What is the difference between an IFISA vs Stocks and Shares ISA?

The Innovative Finance ISA and Stocks and Shares ISA are both investment products that are benefited by a tax wrapper, and both accounts typically have a medium/high risk profile. Despite these similarities, they do have some significant differences - differences which are worth considering when deciding which of the two ISAs is the most suitable for you and your investment portfolio.

 

The IFISA was introduced by the UK government in April 2016 and it allows investors to hold debt-based securities and loan funds through the peer-to-peer lending market without paying tax on any interest or capital gains.

The Stocks and Shares ISA enables investors to allocate money to a range of investments - including individual stocks and shares, unit trusts, and investment trusts.

ISA TYPE
PRODUCT TYPE
ANNUAL SUBSCRIPTION LIMIT
ELIGIBILITY
RISK PROFILE
ESTIMATED RETURNS
Stocks and Shares ISA
Investment
£20,000
Aged 18 and over
Medium / high
4%+ (targeted)
IFISA
Investment
£20,000
Aged 18 and over, most suitable for experienced investors
Medium / high
4-8% (targeted)

ELIGIBILITY

Any UK resident aged 18 and over is eligible to open both an IFISA and a Stocks and Shares ISA.

When it comes to suitability, and deciding which would be the best option for you, it’s important to look at the risks of both (which are covered in more detail below). 

Both an IFISA and a Stocks and Shares ISA can help form part of a well diversified portfolio, but you should be sure that you’re well versed with the risks, and that the type of ISA you choose is matched to your risk profile.

It’s always recommended to talk to an independent financial advisor when deciding which investment product is the best choice for you.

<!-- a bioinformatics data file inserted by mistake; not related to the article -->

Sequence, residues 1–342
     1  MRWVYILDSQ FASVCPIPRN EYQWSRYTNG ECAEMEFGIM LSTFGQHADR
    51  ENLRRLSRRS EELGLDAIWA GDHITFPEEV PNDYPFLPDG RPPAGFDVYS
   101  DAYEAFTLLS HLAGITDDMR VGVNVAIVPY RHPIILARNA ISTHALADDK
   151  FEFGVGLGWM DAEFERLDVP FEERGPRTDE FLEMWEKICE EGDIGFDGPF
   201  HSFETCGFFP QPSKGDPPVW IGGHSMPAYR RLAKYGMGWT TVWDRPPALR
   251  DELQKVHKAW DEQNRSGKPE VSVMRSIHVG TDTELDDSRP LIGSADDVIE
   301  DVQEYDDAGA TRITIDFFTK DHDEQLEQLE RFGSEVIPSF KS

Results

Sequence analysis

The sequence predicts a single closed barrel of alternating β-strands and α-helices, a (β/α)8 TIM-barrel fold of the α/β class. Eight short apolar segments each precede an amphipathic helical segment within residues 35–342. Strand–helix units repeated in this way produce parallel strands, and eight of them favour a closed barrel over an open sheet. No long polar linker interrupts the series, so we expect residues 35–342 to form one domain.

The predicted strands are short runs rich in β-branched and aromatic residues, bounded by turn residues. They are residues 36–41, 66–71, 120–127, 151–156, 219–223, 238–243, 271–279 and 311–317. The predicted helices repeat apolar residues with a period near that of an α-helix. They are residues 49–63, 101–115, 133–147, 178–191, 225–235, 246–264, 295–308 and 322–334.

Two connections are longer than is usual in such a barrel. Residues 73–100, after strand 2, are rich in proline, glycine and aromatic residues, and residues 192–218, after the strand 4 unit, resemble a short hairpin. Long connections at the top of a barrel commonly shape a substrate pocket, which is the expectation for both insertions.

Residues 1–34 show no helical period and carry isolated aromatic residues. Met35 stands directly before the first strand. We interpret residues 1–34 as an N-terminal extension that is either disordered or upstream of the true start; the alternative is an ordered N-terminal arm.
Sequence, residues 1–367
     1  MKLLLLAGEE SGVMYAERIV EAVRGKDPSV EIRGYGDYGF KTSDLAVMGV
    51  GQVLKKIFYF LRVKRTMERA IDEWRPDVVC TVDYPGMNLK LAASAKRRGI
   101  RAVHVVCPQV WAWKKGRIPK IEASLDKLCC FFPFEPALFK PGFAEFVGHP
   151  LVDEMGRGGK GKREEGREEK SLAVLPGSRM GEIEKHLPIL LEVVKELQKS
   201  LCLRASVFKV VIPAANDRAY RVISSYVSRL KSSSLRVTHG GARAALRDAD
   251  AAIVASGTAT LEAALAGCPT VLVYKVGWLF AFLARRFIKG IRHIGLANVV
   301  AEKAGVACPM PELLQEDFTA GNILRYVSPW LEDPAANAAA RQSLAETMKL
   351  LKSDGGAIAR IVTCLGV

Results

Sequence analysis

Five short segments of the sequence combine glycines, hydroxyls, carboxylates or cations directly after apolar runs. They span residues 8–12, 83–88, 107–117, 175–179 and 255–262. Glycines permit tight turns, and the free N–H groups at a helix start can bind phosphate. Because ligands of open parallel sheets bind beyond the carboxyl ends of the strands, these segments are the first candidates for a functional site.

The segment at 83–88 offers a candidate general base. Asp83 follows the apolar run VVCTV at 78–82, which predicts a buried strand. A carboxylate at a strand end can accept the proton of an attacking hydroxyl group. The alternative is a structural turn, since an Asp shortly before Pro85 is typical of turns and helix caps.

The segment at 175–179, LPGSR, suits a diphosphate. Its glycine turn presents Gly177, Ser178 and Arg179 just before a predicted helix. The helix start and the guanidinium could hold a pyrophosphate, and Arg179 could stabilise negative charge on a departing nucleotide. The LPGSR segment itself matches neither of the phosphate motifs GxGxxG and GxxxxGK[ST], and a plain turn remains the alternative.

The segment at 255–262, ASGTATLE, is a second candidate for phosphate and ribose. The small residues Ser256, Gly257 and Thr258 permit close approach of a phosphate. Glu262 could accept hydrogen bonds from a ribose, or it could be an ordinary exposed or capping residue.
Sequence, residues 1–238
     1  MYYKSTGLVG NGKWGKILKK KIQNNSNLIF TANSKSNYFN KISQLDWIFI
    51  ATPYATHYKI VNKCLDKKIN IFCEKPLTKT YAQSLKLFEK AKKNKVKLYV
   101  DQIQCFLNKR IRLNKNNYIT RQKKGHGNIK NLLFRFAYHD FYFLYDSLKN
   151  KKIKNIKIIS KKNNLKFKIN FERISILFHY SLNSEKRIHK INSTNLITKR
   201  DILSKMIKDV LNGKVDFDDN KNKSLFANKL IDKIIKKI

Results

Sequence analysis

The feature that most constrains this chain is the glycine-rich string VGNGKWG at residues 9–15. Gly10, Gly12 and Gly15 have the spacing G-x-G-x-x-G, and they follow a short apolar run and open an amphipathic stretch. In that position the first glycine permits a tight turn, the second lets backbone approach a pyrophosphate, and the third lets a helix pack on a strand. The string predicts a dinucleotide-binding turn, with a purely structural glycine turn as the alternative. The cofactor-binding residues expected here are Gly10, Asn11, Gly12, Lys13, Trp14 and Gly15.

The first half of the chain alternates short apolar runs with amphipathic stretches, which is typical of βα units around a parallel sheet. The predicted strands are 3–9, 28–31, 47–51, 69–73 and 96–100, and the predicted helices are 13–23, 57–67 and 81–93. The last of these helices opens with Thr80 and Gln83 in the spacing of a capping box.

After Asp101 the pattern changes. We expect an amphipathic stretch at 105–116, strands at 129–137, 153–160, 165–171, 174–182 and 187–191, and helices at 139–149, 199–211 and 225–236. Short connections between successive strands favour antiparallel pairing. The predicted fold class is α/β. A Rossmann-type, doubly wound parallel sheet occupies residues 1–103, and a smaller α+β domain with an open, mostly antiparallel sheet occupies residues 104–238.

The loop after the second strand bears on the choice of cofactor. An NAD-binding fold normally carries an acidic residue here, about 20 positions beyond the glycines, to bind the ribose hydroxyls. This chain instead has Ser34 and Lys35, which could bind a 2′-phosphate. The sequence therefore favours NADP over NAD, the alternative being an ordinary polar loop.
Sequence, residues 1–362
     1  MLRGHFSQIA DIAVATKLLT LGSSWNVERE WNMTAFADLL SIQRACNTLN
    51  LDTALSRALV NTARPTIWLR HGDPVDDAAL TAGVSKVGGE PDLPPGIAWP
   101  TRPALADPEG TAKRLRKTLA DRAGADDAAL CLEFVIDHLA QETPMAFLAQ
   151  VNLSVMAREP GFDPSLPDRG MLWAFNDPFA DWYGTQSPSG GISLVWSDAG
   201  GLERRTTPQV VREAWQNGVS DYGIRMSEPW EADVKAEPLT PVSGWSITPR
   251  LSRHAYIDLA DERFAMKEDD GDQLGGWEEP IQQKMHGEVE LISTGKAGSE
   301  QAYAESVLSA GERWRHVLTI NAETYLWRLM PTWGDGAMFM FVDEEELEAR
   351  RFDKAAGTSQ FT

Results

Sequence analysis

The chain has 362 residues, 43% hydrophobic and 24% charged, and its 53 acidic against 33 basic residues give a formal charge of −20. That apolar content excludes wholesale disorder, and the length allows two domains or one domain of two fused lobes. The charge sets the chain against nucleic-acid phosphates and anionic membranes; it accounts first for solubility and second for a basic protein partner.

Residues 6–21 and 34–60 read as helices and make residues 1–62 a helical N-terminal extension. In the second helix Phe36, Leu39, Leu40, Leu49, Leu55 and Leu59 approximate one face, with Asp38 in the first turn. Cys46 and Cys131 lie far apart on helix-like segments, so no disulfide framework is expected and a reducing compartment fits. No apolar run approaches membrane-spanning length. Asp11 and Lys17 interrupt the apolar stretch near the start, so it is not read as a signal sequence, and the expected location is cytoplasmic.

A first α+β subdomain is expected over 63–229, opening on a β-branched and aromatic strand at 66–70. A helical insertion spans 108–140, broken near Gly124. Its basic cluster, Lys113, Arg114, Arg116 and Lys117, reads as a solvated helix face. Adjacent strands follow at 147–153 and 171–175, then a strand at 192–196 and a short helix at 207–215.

Furthermore, your remaining ISA allowance can impact on your eligibility for the current tax year, as if you have met the threshold already, you will be ineligible to add new funds to either a Stocks and Shares ISA or IFISA until the new tax year begins.

 

RATES OF RETURN

Both IFISAs and Stocks and Shares ISAs offer higher target returns than a Cash ISA, but because they are investment products, your capital is at risk and returns are not guaranteed.

It’s a widely accepted fact that the higher the potential returns, the higher the risk - and this is the case with both IFISAs and Stocks and Shares ISAs.

IFISAs offer target returns of between 4% and 8% generally - depending on the underlying asset.

Stocks and Shares ISAs often often offer higher potential returns than an IFISA (ranging from 4% per annum upwards), but with increased volatility. 

 

RISKS

In regards to risks, IFISAs are best placed at the medium/high risk end of the spectrum, while Stocks and Shares ISAs sit at the higher risk end. They’re both investment products - unlike a Cash ISA, which is a deposit product - so your capital is at risk, and returns are not guaranteed. 

IFISAs are not covered by the Financial Services Compensation Scheme (FSCS), but Stocks and Shares ISAs are - for up to £85,000 if the firm holding your money goes bust. It’s important to note that the FSCS protection for Stocks and Shares ISAs does not cover investment losses caused by poor performance. 

The stock market has its ups, but also its downs, meaning the value of your investments could fall as well as rise. An IFISA on the other hand is not subject to the fluctuations of the stock market, but there is still the risk that a borrower could default on their loans, and you could fail to get back the funds you invested. 

 


 

MAVEN Bonds are an IFISA provider specialising in fixed term property bonds.

Against a backdrop of low interest rates and a volatile stock market, the IFISA can provide an attractive investment opportunity for experienced investors. 

With the ability to hold peer-to-peer loans and debt-based securities, IFISA investments have the potential to generate higher rates of return than more traditional investment routes for investors with a greater appetite for risk.

To find out more, download our free IFISA guide.